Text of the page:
Farnam has become a legend in the organ world. He did no improvising, and his only composition, a French-style Toccata on the Easter Hymn 'O filii et filiae,' was published posthumously (by Theodore Presser at the instigation of Farnam's pupil Ernest White; it was recorded by Hugh McLean). But he was counted among the great interpreters, attracting to his performances not only organists but other leading musicians and a wide listening public. He introduced his audiences to organ music of his day - particularly French and American - as well as to the forerunners of Bach. He championed Willan's Introduction, Passacaglia, and Fugue, thus helping it to fame. His programs also offered the complete works of Brahms, Franck, and other romantics, and in one notable season, 1928-9, he played all of Bach's organ music in 20 recitals, repeating each program once and some twice to meet the public demand. Farnam's success was international, and he gave numerous recitals in England and France on the greatest organs. He played his last recital - at the Church of the Holy Communion 12 Oct 1930 - in great distress. He was taken to hospital immediately afterwards, and terminal cancer of the liver was diagnosed. He died a month later. Louis Vierne dedicated his Organ Symphony No. 6 (1931) to Farnam's memory.
The New York critics recognized Farnam's worth. Lawrence Gilman of the Herald Tribune wrote that he was truly self-effacing and had whole-hearted dedication kindled by genius, intensity of vision, sincerity, and excelling craft. Richard Aldrich of the Times wrote that Farnam had executive power, artistic sense, and a comprehensive knowledge of organ literature. His Canadian pupils included Arthur L. Bates, H. William Hawke, Harold Ramsay, Frederick Silvester, and Ernest White. Notable among his pupils in the USA were Ruth Barrett Phelps in California, Alfred Greenfield in North Carolina, Alex McCurdy in Maine, Paul Robinson in North Carolina, and Carl Weinrich in New Jersey.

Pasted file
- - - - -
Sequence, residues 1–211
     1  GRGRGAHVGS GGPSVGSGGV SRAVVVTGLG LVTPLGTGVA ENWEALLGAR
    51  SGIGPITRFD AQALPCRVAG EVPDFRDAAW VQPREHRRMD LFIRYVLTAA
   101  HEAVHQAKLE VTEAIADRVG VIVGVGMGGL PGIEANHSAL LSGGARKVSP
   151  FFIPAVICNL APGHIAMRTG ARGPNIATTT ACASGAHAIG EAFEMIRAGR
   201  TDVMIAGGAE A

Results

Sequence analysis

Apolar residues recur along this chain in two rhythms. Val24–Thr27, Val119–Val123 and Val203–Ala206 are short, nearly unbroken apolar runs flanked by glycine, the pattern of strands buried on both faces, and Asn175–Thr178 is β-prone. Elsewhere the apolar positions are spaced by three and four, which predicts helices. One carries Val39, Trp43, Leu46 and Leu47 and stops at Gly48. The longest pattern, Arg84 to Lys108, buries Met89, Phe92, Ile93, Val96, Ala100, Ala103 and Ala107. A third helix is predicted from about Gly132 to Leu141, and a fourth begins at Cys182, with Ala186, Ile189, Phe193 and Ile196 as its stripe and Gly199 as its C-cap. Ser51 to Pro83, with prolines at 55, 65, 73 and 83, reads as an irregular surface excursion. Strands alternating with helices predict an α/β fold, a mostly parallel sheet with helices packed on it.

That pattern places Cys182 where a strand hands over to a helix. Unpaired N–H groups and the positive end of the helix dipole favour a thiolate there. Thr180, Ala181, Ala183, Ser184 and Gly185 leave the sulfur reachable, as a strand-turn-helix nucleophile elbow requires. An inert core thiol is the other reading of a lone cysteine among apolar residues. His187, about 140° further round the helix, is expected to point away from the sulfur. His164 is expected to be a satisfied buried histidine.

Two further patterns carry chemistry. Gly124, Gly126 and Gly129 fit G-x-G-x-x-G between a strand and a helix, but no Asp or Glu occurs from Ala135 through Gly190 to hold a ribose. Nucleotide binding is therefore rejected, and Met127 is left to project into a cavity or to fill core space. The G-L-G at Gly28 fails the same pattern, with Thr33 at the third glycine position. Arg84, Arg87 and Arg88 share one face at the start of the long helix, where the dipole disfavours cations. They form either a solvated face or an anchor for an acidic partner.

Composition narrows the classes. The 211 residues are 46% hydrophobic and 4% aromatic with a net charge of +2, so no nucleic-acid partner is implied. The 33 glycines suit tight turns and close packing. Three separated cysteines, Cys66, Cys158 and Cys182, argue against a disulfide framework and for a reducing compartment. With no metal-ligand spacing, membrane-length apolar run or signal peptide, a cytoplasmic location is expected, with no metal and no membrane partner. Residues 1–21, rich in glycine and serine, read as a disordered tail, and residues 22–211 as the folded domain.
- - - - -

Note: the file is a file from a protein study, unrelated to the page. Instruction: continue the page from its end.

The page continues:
'Rambling remarks of an organist's sojourn in England,' Diapason, 4 instalments, Sep, Oct, Nov, Dec 1927
'How the organ chose a disciple,' Overtones, Apr 1930
Author H. William Hawke
Bach - Karg-Elert - Sowerby - Vierne. Classic 1040
A Pipe Organ Concert by Lynwood Farnam. 3-Ultra Fidelity.
- UF-1: Farnam - Stebbins - Widor - Stoughton - Rheinberger - Vierne
- UF-2: Widor - Yon - Saint-Saëns - Malling - Faulkes - Merkel
- UF-3: Vierne - Karg-Elert - Yon - Guilmant - D'Every
'A noted Canadian organist's views on organ playing and repertoire,' CQR, vol 1, Nov 1918
'A chat with Lynnwood Farnam,' MT, 1 Aug 1923
Worcester, Elwodd. 'Lynnwood Farnam, the modest genius,' Diapason, Feb 1931
Hawke, W.H. 'Some Farnam registrations,' American Organist, 2 articles, Jul, Sep 1956
'Lynnwood Farnam; his life,' American Organist, Jul 1964
Rizzo, Jeanne. 'Lynnwood Farnam - master organist of the century,' Diapason, 2 instalments, Dec 1974, Jan 1975
RCCO papers. Hawke, W.H. 'Lynnwood Farnam: 1885-1930,' manuscript
McLean, Eric. 'Memories of Lynnwood Farnam, a giant of organ music,' Montreal Gazette, 2 Feb 1985
Conner, Jeanne Rizzo. 'Lynnwood Farnam: a centennial remembrance,' American Organist, vol 19, Nov 1985
The Curtis Institute of Music. Farnam collection
Shawnadithit grew anxious waiting for her uncle, Longnon, to return to camp at the junction of Badger Brook and the Exploits River, deep in the wilds of Newfoundland...